He experienced everything.
His feet felt the cobblestone. It was strict, unforgiving, solid ground marred with straight borders outlining each brick. He stepped gently, as if at any moment, a stone might break through the thin canvas of his shoes and stab his heel.
He knew it wouldn’t though. The passage of time and all those people who had treaded where he now walked had worn the road much smoother than the coarse bricks that made up the houses in the tight alley around him.
He heard the scattered chatter of the people around him. Laughter, arguments, and desperate tourists trying to discern directions permeated him and he understood the arrhythmic taps of every step someone took overlapping with one another.
He breathed in the crisp air, tinged with the smell of cream sauce and the smoke of the grills inviting him to a feast. Oh, he wanted to just sit down so badly, or perhaps even go running in the sunset, away, away from his final destination. But he tiptoed on, wishing that he could still feel the burning tears cool on his cheek as they were buffeted by the air.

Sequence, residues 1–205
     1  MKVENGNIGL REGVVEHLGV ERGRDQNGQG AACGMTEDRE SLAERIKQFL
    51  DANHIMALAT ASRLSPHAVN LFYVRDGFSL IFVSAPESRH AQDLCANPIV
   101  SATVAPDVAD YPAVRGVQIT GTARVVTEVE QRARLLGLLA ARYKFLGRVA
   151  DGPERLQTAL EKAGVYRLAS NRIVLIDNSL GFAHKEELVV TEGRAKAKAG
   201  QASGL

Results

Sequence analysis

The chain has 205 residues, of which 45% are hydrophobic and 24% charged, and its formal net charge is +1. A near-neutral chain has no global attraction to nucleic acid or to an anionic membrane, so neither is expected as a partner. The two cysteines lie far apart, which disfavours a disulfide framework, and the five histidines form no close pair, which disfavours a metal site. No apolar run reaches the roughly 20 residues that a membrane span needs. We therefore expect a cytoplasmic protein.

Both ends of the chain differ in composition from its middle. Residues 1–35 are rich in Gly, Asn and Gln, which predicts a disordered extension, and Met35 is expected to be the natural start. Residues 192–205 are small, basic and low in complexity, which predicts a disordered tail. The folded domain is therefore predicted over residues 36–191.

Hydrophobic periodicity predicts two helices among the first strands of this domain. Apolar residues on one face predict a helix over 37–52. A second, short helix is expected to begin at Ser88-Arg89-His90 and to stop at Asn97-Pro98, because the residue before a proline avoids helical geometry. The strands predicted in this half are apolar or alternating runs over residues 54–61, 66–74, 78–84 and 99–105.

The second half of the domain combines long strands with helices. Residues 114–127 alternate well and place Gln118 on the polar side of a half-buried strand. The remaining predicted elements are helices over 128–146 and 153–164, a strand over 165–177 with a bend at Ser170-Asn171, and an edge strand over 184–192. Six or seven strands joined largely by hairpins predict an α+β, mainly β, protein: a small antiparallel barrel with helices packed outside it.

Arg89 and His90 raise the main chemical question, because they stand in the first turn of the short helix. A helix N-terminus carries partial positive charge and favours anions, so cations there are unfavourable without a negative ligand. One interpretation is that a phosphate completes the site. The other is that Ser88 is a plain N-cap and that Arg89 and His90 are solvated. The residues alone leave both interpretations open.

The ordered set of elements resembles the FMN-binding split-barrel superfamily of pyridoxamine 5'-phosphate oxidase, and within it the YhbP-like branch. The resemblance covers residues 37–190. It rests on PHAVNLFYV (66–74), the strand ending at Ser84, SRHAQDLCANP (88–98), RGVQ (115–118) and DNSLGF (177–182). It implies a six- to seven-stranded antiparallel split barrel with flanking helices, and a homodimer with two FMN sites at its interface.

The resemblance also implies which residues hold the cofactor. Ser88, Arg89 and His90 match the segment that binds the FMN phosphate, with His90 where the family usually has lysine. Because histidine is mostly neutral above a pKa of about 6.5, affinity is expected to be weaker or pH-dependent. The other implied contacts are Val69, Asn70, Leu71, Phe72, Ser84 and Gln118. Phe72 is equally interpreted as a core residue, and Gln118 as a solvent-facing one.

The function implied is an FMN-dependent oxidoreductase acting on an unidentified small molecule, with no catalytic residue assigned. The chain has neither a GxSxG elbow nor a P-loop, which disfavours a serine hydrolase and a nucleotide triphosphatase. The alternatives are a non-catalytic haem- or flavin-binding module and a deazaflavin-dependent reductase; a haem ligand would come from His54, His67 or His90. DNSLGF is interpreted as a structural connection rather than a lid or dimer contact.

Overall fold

But he was at the end. He felt nothing and no tears came.
As he finally arrived at his destination, the maw of the path opened up into a large, rectangular courtyard lined with buildings and benches and geometric, perfectly cut patches of grass. And at one end, opposite a tan bricked building with wall-sized glass windows, was what he was here to see.
He took a seat at the stone basin of the fountain. He didn’t mind the occasional spatter of water as the fountain’s spouts continued to shoot water into the full fountain. Reaching into the pockets of his jet-black coat, he pulled out a single chrysanthemum. He twirled it around his finger tips, admired the many pink petals before leaning down. Leaving one hand on the slightly wet off white concrete of the basin rim, he gently set the flower down in the water with his other.
As it floated away merrily along the ripples of the fountain water, he smiled.
This was goodbye.
And she was finally free.
-a flash fiction to say goodbye